“Ninety-nine percent of the field are these racing mutts,” said Anna. “They’re really athletic looking, they’re every color, and range in size from 45-75 lbs. You don’t need a purebred dog to go out and have a good time.”

“Comparatively, there are certain breeds who are not built for long distance work,” said Dalton Webb, a veterinarian at East Bend Animal Hospital in Bend, Oregon.

Those with giant breed dogs or brachycephalic (short-snouted) dogs should take caution with endurance sports. Giant breeds are genetically predisposed to orthopedic problems and dogs with short snouts cannot efficiently pant enough to cool down and risk overheating.

Of course, there are always exceptions to the rule in regard to what breeds make good endurance partners. Just look at Catra Corbett, whose nine-pound Dachshund TruMan logs 40-mile weeks. However, it’s important to ensure that your dog enjoys the sport as much as you do. Dr. Webb says that as long as your dog is keeping up with you and not immobile the following day, then it’s probably ok.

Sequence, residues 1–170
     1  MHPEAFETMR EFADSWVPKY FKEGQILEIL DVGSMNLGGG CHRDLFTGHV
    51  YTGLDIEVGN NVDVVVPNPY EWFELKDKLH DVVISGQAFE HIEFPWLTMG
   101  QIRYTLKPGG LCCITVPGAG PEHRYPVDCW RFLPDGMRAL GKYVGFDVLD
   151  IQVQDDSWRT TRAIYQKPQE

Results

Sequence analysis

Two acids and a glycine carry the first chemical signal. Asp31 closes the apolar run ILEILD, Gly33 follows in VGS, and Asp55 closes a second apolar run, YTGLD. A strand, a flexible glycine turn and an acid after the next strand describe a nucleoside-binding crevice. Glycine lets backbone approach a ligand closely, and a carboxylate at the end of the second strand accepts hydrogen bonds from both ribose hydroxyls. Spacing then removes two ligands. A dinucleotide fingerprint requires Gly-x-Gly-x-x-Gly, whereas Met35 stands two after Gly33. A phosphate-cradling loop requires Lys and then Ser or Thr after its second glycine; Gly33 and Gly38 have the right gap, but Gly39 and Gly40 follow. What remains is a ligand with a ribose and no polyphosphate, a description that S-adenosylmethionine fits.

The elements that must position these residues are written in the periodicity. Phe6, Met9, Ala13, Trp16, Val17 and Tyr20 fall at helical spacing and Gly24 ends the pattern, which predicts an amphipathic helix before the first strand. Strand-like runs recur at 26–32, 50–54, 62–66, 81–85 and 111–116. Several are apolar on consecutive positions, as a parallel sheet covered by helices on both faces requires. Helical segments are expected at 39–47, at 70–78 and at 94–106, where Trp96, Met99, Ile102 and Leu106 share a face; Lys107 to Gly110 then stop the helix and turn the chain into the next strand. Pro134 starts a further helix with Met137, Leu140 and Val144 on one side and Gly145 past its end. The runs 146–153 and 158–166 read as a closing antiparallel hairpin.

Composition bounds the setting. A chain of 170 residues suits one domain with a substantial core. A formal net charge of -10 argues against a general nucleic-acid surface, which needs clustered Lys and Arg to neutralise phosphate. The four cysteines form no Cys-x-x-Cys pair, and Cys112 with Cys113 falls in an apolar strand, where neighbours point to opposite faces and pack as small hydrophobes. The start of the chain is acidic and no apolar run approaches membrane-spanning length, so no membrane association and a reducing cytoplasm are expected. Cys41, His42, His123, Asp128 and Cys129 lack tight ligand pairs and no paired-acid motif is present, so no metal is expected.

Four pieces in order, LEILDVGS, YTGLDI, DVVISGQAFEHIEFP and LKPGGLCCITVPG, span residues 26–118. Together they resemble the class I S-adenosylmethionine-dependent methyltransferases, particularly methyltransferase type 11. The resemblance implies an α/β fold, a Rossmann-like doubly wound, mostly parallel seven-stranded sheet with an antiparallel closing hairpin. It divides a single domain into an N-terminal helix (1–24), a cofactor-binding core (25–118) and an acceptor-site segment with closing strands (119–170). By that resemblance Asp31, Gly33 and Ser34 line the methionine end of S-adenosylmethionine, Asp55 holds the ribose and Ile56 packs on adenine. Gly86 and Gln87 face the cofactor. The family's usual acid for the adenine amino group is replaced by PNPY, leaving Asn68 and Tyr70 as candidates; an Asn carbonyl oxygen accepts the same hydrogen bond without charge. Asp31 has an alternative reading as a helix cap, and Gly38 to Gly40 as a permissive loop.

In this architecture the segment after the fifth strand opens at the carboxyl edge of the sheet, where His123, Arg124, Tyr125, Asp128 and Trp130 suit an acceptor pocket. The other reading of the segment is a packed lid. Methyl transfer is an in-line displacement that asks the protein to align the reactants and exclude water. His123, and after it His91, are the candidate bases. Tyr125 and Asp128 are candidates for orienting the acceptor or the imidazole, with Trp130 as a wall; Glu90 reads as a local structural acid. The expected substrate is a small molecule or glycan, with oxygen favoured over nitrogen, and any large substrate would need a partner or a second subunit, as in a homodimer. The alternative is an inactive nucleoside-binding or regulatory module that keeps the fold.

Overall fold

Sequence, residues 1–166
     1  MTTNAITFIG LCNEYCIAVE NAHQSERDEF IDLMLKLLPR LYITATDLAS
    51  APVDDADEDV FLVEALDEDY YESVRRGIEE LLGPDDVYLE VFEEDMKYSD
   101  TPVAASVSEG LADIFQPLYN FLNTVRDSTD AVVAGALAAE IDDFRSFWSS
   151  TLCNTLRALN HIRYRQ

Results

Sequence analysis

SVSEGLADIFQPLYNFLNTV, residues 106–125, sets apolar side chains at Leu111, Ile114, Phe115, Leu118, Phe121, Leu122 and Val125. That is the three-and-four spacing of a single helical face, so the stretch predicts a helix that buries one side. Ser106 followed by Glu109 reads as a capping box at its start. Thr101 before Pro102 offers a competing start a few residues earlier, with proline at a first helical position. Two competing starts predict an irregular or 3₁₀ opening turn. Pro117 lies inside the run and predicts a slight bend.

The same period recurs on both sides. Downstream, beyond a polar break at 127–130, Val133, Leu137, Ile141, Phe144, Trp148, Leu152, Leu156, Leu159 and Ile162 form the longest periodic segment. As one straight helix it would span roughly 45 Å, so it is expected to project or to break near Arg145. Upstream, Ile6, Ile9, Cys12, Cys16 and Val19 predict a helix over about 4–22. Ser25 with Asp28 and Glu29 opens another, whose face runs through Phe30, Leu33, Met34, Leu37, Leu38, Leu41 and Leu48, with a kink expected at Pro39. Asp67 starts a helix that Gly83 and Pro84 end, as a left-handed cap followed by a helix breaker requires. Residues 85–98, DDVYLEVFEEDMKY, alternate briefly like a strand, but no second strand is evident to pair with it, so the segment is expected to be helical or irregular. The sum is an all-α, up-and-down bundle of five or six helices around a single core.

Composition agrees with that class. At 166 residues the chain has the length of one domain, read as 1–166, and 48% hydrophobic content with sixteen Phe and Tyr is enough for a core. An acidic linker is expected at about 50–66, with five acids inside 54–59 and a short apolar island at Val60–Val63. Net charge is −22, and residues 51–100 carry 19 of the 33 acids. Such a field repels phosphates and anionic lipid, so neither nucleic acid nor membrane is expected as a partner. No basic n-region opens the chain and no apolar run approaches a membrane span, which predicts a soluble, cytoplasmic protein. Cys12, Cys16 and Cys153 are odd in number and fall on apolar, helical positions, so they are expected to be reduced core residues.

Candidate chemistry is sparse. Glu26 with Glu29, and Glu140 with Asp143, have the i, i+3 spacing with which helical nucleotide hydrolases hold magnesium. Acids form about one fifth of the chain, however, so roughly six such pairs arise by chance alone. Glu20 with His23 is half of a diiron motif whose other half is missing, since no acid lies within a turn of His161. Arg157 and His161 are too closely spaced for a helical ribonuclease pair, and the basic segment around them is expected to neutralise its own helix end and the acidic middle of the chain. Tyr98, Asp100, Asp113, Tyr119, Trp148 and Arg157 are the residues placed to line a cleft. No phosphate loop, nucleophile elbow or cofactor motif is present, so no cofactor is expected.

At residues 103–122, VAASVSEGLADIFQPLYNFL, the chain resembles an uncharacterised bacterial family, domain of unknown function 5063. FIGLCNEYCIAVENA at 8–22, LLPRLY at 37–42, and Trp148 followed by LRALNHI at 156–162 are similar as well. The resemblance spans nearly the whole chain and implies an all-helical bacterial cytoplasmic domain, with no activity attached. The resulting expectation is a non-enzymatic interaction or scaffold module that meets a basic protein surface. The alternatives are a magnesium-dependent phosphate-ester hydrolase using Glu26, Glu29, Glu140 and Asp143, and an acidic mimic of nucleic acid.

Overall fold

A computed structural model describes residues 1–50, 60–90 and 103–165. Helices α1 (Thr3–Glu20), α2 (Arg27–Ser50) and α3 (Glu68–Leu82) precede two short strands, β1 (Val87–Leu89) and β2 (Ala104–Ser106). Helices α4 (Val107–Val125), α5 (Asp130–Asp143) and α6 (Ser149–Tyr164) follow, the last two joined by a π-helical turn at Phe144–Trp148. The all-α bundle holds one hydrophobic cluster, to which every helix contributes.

Build Endurance Gradually

Although many dogs have seemingly endless amounts of energy, it’s best to gradually increase their mileage.

“Start your dog on a training program with you,” said Kristy. “Just because they have a ton of energy doesn’t mean that they should jump into running 10-20 miles straight away.”

The gradual increase will also allow dogs to develop calluses on their paw pads to prevent painful tears.